Despite public opposition, Abe is aggressively pursuing a return to nuclear power. Earlier this month, Abe's Liberal Democratic Party revealed that it aims to have 20 percent of the country's electricity supplied by nuclear power by 2030.
Over four years after the triple reactor core meltdowns and exploded containment buildings at the Fukushima Daiichi nuclear power plant, the majority of the Japanese public has remained opposed to any nuclear restart. The country has been completely nuclear-free for nearly two years, thanks in large part to significant public opposition, in spite of the massive pressure from nuclear utilities and the Abe government on local city governments.
However, these utilities are massively powerful and the Abe government is wholly in bed with them.
In an effort to reduce public opposition, Abe has been pushing forward the pro-nuclear agenda to 'normalize' a nuclear disaster. If the public can be convinced that less than five years after the worst nuclear disaster in a generation, citizens can go home and return to life the way it was before the disaster – with no additional health risks – then that is a powerful argument against the majority of Japanese citizens who oppose nuclear reactor restarts.
The effort to minimize the impact of the disaster on the nuclear industry has been aided by the International Atomic Energy Agency (IAEA), an agency charged with the promotion of nuclear energy in its charter. The IAEA has sought to downplay the radiological risks to the population since the early days in 2011. In fact, it produced two documents that can be said to have laid the foundation and justification for Abe’s current policy of de facto forced resettlement.
The reality is this myth making requires that the people of Fukushima prefecture be the sacrificial lambs for the nuclear industry. This is not only wholly unjust, but is a violation of their human rights.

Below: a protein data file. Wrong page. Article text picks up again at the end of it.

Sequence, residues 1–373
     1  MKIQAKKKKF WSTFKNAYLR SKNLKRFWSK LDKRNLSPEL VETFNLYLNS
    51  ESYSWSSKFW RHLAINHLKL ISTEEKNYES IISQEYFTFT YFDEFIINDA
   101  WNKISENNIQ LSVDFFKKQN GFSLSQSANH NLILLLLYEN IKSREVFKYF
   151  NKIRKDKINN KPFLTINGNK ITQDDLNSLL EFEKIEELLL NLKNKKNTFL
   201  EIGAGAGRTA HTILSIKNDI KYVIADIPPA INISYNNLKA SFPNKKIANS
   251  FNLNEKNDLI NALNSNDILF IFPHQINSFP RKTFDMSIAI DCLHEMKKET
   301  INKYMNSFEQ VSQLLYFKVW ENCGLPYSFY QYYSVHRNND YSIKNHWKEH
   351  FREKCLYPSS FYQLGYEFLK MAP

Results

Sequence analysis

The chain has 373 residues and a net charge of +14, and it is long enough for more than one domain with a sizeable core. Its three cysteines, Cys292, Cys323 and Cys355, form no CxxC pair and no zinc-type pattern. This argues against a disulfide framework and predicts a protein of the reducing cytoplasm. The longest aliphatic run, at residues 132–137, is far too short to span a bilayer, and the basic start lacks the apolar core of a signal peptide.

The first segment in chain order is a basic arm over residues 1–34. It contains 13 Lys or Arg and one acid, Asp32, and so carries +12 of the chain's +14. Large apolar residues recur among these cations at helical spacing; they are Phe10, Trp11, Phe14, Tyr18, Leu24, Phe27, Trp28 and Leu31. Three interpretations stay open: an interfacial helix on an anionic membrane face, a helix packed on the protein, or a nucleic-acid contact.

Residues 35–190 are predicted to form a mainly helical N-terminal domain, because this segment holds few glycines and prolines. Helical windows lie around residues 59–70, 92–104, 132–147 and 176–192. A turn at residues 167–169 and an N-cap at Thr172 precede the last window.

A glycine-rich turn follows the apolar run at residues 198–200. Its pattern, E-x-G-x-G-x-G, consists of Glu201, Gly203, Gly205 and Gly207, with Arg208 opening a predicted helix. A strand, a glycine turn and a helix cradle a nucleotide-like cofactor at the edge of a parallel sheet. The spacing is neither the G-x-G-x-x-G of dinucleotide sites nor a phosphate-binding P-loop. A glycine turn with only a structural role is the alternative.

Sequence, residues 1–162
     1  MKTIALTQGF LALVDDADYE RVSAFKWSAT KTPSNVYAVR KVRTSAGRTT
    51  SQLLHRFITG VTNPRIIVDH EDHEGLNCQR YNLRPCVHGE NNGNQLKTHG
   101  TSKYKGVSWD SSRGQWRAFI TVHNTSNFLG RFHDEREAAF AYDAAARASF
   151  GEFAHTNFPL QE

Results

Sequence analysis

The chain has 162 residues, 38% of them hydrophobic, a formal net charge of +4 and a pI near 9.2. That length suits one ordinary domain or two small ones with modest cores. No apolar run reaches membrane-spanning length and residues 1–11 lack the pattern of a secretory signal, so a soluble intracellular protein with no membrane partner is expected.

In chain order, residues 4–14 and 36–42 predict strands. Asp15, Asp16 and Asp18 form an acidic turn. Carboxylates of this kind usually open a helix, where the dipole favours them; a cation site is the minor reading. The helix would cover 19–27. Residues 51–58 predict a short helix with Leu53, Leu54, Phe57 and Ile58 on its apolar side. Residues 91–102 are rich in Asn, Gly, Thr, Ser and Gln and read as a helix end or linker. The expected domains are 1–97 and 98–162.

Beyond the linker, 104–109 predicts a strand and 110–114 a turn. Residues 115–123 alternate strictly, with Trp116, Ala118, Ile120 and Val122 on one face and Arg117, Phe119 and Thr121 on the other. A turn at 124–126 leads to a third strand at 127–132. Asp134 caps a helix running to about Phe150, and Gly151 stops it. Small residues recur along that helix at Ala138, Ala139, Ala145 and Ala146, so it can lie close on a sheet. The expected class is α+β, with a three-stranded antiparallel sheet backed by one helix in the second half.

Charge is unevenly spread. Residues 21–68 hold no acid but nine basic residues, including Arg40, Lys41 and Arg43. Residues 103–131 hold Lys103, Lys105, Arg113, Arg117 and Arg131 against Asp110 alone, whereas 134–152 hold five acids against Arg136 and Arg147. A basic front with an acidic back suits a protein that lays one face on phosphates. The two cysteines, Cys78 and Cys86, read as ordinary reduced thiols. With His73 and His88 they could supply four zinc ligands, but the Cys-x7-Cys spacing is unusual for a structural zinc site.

After all, this is not the confusion that ensues after a nuclear disaster. This is a thought-out plan of forcing people back into their heavily contaminated former homes, no matter what the cost – both in wasteful, ineffective decontamination of these areas and in human health risks.
Compounding the gross injustice of the Abe Government’s forced resettlement policy, by focusing on creating a myth of a return to normalcy – and therefore investing vast amounts in expensive and futile decontamination – it is therefore utterly neglecting the contaminated areas that were never evacuated. Rather than addressing this urgent need to reduce the radiation risks to these populations, whom are currently living in contaminated areas, the government is more interested in deceiving the public in Japan and globally by creating illusions.
What is clear is that the damage done to the people of Fukushima prefecture, and especially Iitate, is irreversible and irreparable. Their entire communities and way of life were destroyed by the nuclear disaster at Fukushima Daiichi, with no prospect for a safe return in the foreseeable future.
To keep the victims of the Fukushima Daiichi nuclear disaster in limbo, many crammed into tiny temporary housing cubicles, for nearly five years is inhumane. To force these citizens back into such heavily contaminated areas via the economic leverage the Government holds over them is a gross iniquity. And for the International Atomic Energy Agency to assist the Japanese Government in the propaganda war being waged on Fukushima victims not only undermines whatever credibility it may have, but amounts to it being an accomplice in a crime against the people of Japan.
Revenir ou pas, le dilemme des évacués de Fukushima
Japan Accused of Coercing Fukushima Refugees to Return to Unsafe Homes
Greenpeace: "The forests of Iitate are a vast stock of radioactivity that will remain both a direct hazard and source of potential recontamination for hundreds of years. It’s impossible to decontaminate."
Japanese Government – aided by the IAEA – puts nuclear victims at risk with forced resettlement scheme
Press Release: Greenpeace investigation exposes failure of Fukushima decontamination program